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Patience is wearing thin for some Cheektowaga residents who live near a vacant, run-down Union Road plaza. About 10 neighbors of Garden Village Plaza took their concerns Monday night to the Town Board, which pledged that plans to develop the parcel owned by Benderson Development Co. are in the works.

“I just met with Benderson last week, and they are looking to develop that parcel,” said Town Supervisor Mary F. Holtz. “I’m keeping my fingers crossed. I’ve been working on this for so long.”

One neighbor described the plaza as blighted by potholes, broken windows, rats and loitering children.

“We saw that plaza go from a vibrant plaza to nothing,” Martinique Drive resident Nancy Grzymala told the board. “We know that retail won’t last there, but we want something so we won’t have to look at those deplorable conditions every single day.”

Benderson acquired the 26.7-acre plaza, formerly home to various stores including a Vix drugstore, a Hills department store and an Ames store, in 2006 for just over $2 million.

Holtz said Benderson has submitted preliminary plans to the town and hopes to begin construction in spring 2015. She promised to set up a meeting between residents and the developer within a month so those plans could be reviewed.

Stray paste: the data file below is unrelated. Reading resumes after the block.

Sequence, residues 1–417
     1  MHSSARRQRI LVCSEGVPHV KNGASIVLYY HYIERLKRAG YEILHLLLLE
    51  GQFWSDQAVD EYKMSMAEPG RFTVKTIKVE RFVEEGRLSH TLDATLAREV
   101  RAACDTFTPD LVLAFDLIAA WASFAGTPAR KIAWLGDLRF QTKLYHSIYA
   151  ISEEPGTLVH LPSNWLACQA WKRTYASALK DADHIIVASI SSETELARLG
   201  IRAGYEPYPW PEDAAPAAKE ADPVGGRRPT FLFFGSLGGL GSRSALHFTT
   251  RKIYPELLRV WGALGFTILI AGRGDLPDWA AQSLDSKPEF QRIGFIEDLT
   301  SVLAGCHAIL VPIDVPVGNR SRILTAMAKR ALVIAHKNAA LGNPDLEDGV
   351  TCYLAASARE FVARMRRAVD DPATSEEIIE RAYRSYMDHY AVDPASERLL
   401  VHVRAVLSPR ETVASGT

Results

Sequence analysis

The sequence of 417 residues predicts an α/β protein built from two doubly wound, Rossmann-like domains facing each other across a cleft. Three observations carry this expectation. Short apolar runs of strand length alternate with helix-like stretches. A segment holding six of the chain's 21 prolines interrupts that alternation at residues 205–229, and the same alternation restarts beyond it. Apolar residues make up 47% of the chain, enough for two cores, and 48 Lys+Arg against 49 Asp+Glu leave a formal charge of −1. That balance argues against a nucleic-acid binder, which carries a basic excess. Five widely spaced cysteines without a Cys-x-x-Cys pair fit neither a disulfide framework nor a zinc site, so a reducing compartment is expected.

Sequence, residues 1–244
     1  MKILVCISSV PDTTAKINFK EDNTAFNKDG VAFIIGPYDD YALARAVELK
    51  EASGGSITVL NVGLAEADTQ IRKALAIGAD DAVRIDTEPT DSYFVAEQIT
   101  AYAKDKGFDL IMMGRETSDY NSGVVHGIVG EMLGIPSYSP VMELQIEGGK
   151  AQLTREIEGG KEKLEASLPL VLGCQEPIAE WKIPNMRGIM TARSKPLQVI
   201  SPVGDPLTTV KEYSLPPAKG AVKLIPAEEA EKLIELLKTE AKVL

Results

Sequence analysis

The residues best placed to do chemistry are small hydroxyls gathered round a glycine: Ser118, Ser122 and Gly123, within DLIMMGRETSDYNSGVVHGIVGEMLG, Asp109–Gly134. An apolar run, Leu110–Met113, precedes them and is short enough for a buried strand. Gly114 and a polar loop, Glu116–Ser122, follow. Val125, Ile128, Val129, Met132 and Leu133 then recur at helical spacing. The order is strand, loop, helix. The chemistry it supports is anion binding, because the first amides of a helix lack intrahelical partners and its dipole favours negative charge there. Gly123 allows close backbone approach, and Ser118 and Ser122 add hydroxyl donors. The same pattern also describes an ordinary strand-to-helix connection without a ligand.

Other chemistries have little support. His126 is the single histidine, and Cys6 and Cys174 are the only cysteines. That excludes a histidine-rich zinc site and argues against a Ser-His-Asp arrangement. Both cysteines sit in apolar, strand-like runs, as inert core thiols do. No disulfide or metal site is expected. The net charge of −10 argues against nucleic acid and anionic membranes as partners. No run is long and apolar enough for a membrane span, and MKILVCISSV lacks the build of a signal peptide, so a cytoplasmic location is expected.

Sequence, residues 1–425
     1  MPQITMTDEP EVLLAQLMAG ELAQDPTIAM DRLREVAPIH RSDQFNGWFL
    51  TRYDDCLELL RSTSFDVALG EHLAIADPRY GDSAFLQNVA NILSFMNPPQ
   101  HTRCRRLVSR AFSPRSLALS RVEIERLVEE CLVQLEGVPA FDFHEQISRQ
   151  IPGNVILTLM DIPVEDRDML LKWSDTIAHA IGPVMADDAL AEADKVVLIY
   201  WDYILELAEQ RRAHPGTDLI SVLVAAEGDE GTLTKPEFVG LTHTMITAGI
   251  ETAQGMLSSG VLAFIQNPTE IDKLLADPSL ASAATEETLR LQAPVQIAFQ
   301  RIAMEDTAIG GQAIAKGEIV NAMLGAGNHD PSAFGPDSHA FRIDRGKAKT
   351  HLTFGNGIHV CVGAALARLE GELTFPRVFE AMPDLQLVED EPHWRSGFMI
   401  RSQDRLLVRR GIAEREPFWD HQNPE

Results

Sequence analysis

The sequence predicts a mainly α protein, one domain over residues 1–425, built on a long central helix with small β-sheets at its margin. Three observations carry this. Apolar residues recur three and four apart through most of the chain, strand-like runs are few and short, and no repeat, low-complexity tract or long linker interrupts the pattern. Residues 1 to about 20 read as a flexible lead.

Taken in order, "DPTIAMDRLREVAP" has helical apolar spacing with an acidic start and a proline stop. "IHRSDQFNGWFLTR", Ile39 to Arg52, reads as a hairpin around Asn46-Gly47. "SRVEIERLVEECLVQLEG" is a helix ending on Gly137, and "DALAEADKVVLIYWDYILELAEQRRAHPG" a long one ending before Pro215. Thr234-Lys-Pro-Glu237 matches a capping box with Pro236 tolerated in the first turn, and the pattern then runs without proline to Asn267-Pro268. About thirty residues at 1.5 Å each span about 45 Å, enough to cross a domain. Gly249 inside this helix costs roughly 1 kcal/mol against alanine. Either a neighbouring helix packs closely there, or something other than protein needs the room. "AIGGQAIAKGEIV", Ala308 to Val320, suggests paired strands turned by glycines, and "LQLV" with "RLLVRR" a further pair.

“I definitely want them to meet with you,” she told the residents. “They do have plans. I can’t speak of them right now.”

There had been talk in recent years that Garden Village would be the new home of the Super Flea, which lost its Benderson-owned Walden Avenue location in May to make way for a new Walmart Supercenter. Holtz said that while that idea is no longer on the table, the developer has other plans for Garden Village.

“They made me a promise when they closed the Flea Market that they would develop Garden Village,” Holtz said. “They said, ‘We’re going to take care of two properties. We’re getting rid of the Flea Market and we’re going to do something with Garden Village.’ ”

In other business, the Town Board:

• Amended Cheektowaga’s year-old landlord licensing law to include single dwellings housing up to three families as part of a continuing effort to hold absentee landlords responsible for criminal or public nuisance activity on their properties. The law requires landlords to register with the town and provide contact information for the owner or property manager, as well as information about the tenants.

• Called for two public hearings at its next meeting July 7 to consider strengthening the town’s code enforcement by allowing town police officers to cite homeowners for violations. Currently, only code enforcement officers may do so.

jpopiolkowski@buffnews.com